B) The Christian/Biblical Business Model:

The Christian business model rests on the assumption that the serious and existential sacrifice offered in the pursuit of God’s (supposed) Will, will ultimately incite God Almighty to allow for an abundant compensation of the sacrifices endured. Within Christian theology it is an open question whether subject compensation will be granted in the afterlife or in this world. The Biblical examples of Abraham and Job however suggest that the expectation of a material worldly reward for the believer’s sacrifice is not entirely far-fetched.  And even the otherwise universal concept of balance and harmony would suggest that some sort of equilibrium between compensation here (in this world) and in the afterlife must be reckoned with if any imbalanced lopsidedness between this and that world is to be avoided.

The Christian business model hence presupposes that substantial material success (as in the case of Abraham and Job) can only be had if God is willing to grant that. To that end, worshipping God and doing the morally right thing is more important than hatching elaborate PR, marketing and sales campaigns.  After all, clients will eventually come naturally attracted by the sheer irresistibility of the Christian’s market offering.

Pros of this business model:

You do not have to coerce your potential donors into clemency. Instead you focus on not giving God any excuse for not granting you eventual clemency. Additionally, the Christian business models actually allows for the development of marketable product and does not have to limit itself entirely to the sale of books and seminars preaching the wisdom of the Christian belief.

Cons of this business model:

It’s a long-shot approach that requires substantial stamina while the majority of empirical evidence may well be stacked up against the zealous Christian entrepreneur. This has to do with the fact that as a Christian sacrifice artist you will be working with a metaphysical thought system that faces serious challenges from the science department. Additionally, too much self-abuse may also be inevitable in this business model. And, finally, you will never know for sure, whether you are actually among God’s chosen constituents or not. But hey, at least there is some sort of hope that you might belong to the selected few. And with that you should well be better off than most atheist French farmers or non-Uber taxi drivers who simply see their business disappear for good.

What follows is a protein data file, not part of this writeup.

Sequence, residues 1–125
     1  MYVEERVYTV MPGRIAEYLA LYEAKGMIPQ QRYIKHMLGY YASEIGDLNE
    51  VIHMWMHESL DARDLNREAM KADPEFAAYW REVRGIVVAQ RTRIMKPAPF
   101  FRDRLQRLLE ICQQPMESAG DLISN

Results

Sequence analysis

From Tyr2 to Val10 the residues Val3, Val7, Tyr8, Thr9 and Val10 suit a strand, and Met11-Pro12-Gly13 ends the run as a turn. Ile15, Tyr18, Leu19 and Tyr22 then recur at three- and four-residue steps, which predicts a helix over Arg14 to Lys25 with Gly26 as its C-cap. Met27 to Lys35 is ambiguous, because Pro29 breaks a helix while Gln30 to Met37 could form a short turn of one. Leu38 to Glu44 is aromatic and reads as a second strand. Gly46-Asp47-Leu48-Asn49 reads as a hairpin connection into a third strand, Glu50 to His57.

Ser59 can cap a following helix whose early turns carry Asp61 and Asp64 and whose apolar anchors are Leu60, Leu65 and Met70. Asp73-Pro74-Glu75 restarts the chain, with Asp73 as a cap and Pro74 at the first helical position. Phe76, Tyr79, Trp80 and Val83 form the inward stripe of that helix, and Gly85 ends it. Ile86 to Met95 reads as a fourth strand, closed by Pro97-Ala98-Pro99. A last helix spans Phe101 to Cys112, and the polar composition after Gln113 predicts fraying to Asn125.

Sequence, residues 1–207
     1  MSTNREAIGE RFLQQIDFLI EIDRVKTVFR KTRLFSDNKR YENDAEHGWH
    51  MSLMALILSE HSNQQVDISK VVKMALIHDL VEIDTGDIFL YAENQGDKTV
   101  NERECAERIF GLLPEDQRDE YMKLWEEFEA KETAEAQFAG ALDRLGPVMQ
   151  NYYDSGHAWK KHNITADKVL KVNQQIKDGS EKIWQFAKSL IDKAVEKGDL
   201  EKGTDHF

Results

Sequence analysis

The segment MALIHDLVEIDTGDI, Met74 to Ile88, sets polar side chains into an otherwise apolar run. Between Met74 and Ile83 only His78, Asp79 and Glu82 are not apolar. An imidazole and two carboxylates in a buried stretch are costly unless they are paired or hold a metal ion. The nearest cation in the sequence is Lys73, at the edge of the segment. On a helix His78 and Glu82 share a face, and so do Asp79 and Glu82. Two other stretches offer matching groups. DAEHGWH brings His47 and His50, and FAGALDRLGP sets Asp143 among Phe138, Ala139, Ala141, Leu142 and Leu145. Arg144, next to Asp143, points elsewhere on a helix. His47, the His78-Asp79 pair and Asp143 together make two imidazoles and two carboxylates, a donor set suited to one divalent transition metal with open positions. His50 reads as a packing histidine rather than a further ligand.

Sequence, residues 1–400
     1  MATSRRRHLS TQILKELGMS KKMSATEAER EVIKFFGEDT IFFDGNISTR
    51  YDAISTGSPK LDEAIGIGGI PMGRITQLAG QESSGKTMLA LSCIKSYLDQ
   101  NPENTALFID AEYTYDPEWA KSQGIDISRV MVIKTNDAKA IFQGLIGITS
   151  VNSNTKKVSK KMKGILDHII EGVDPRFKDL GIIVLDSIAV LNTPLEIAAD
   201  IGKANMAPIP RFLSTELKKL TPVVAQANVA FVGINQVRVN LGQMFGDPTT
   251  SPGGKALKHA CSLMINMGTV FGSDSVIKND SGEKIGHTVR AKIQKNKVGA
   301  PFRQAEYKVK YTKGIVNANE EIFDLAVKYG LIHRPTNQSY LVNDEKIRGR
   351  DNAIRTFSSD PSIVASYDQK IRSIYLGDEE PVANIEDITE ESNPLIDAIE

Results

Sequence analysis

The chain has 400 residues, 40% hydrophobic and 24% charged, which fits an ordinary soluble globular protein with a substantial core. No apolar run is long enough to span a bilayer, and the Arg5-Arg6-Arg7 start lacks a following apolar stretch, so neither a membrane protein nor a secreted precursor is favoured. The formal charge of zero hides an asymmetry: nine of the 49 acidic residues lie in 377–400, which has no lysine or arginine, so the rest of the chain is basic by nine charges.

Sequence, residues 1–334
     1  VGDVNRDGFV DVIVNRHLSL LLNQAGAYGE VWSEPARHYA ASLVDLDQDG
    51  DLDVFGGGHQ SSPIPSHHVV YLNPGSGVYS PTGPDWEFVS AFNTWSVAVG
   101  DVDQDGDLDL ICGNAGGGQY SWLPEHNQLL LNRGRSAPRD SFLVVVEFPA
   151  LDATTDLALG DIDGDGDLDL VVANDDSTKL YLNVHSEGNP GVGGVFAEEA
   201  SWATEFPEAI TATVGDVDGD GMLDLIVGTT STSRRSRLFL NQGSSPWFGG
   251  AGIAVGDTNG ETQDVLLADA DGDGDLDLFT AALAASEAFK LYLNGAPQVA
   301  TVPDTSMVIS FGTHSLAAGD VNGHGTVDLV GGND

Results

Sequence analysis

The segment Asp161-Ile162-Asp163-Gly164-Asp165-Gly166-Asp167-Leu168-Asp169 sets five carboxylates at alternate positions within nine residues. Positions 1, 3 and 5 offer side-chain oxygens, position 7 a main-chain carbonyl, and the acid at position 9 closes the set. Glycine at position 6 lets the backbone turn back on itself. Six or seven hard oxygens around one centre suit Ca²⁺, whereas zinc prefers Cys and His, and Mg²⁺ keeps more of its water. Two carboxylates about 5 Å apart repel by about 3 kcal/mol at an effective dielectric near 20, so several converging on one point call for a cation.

C) The Existentialist Business Model:

The core element of the existentialist approach (at least according to Jean-Paul Sartre) is that you have to do the right thing socially and politically even if doing so may cost you your existence.  In other words, you could argue that there is no real business model here since the raw theory appears to suggest that the question of compensation is by and large irrelevant. Nevertheless, existentialists usually try to make a living writing, painting or filming about existentialist topics (for instance, by debating the question of what the right social and political cause actually is that justifies dying for now that German occupation has ended and Communism has imploded). For some social and political thinkers art and litterature is a viable proposition since the barren nakedness of Existentialist life is in itself appealing. It needs to be said though that the literary and art market is a difficult one and existentialist offerings may well have reached a point of saturation. It therefore comes as a relief though that ehe existentialist approach is way less emotional and hysteric in the consideration of the option of suicide than its fellow though systems.  It is consequently fair to say that existentialism has its strongpoint in the area of a viable exit strategy. And venture capitalists clearly know how important exit strategies actually are.

Pros of this business model: